The difference between theory and practice is practice!
This course is about applying a Lean mindset to real-life problems.
Analysis is a good thing. Being slow and careful is wise. Rewarding people for performance makes perfect sense. Creating a plan and following it is the best way to get things done. And we should strive to be the best at whatever we do. When we adopt a rational mindset, we know these statements are true.
But they aren’t the whole truth. Intuition is also a good thing. Being fast produces essential feedback. Purpose works better than incentives for engaging people. Probing a complex environment and adapting to its response is the safest approach to change. And being the best can get in the way of getting even better. When we adopt a responsive mindset, we feel these things are terribly important.
So which mindset is right? For a long time, successful western companies have been biased in favor of a rational mindset, while the responsive mindset fell out of favor. But in the last few years, companies with a responsive mindset seem to be doing surprisingly well. In fact, if we’re not careful, those upstart companies might become a threat to our business.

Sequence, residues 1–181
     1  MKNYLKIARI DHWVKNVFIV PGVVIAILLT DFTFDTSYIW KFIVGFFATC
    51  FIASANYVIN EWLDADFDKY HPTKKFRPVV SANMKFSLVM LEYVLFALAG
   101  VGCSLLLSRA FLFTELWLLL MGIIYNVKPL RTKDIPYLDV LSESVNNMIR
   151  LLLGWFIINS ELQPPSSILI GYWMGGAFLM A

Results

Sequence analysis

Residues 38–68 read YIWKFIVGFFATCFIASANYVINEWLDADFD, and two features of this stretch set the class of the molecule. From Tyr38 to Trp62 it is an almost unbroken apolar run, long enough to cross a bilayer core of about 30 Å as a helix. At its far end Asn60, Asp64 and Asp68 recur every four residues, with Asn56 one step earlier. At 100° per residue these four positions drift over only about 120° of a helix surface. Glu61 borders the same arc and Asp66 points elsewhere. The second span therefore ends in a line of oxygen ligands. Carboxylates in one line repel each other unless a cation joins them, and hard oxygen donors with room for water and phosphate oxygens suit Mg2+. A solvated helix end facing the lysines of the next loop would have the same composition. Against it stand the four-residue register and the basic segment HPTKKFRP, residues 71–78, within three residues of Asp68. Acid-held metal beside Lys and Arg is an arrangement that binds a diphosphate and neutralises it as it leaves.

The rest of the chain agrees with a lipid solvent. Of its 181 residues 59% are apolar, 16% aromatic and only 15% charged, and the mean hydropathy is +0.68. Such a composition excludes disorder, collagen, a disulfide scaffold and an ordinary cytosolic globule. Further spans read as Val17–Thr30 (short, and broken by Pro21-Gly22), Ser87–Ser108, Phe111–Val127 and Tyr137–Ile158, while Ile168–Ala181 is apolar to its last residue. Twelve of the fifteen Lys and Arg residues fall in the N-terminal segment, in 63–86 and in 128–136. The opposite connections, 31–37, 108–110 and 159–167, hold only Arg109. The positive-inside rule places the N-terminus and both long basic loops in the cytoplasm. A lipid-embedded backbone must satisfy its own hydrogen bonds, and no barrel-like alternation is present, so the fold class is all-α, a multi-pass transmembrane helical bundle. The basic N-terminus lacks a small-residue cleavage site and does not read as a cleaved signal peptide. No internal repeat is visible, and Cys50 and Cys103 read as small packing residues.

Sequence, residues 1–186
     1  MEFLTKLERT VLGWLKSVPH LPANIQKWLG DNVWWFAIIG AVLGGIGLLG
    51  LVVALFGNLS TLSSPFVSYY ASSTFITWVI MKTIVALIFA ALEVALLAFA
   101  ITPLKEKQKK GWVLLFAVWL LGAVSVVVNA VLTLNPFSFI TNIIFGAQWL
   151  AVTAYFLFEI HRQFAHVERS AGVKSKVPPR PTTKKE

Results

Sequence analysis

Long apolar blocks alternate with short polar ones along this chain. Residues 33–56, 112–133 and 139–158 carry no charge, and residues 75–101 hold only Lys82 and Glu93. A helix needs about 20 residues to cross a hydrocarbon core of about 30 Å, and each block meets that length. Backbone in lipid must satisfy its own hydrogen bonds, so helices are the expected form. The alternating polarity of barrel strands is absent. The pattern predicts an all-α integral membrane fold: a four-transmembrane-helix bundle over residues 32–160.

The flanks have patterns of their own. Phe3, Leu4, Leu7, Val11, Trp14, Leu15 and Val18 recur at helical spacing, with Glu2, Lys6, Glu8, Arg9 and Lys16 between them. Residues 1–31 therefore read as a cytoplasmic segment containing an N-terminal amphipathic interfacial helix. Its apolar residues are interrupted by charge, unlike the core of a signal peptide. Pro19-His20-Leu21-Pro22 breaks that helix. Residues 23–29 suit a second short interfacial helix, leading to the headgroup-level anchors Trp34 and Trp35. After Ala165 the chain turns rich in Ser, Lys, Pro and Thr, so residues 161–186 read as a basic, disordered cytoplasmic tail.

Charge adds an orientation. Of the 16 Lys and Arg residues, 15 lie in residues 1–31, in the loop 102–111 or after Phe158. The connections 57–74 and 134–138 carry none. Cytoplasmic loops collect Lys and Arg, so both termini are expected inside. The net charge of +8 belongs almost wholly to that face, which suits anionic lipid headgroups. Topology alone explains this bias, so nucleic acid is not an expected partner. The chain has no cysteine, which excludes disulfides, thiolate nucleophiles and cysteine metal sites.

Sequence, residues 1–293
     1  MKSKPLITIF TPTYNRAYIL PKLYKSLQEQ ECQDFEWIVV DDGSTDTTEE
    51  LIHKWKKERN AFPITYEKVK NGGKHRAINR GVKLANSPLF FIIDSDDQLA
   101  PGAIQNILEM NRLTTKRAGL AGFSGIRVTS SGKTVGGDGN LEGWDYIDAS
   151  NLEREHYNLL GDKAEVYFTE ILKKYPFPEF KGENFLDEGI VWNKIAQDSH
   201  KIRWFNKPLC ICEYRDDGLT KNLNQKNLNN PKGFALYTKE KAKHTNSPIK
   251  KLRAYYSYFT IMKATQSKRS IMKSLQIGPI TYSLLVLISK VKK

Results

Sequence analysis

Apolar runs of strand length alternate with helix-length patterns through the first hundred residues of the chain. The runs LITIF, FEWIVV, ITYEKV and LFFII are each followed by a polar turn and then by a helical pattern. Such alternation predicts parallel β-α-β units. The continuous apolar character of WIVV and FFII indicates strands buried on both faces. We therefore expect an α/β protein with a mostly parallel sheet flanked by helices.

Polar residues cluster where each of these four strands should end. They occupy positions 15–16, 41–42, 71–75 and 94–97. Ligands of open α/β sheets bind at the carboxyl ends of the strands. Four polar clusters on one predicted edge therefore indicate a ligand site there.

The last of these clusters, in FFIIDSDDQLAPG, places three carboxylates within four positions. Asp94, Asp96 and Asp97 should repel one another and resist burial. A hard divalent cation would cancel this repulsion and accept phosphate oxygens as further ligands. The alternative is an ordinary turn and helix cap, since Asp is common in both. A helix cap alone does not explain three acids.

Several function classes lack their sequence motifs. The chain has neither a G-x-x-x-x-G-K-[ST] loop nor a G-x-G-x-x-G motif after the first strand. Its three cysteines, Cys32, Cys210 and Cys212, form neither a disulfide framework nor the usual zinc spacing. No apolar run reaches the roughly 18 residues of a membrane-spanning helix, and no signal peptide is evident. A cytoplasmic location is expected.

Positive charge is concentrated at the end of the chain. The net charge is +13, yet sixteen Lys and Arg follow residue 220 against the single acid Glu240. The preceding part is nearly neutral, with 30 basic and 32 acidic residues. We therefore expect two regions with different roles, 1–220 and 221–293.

Recently companies have attempted to move toward a responsive mindset in order to become more competitive. But abandoning a rational mindset is not necessarily a good idea. It is better to address the paradox presented by the two opposing mindsets and combine them into a single perspective, a lean mindset. Make no mistake, this is not easy. We struggle with tension and ambiguity as we move from paradox to resolution.
This workshop emphasizes research, case studies and exercises. You will learn what a lean mindset is, how other companies have exposed and resolved paradoxes, and how this has helped them compete more effectively in today’s fast moving marketplace.
Who this course is for
Managers, team leads, and other change agents that build software-intensive products and want to move their company to the next level.
If you have previously attended one of our workshops with Mary, you will still find value in this course. The content overlap is minimal.
Learning outcomes for this course
Some topics we will cover:
- The Myth of the Selfish gene (the Rational paradox)
- Why Good Companies Die (the Optimization paradox)
- Solving the Right Problem (the Design paradox)
- The Fastest Learner Wins (the Speed paradox)
- Thriving on Challenge (the Perfection paradox)
Some things you will learn:
- Cooperation, Reputation, and Reciprocity: How can they possibly work?
- Surviving in a World of Unexpected Change: How does innovation really work?
- The Design of Design: Why you can’t separate design from implementation.
- Speed, Discipline, and Quality: Why you must have all three at the same time.
- Best is the Enemy of Better: How being good keeps us from getting better.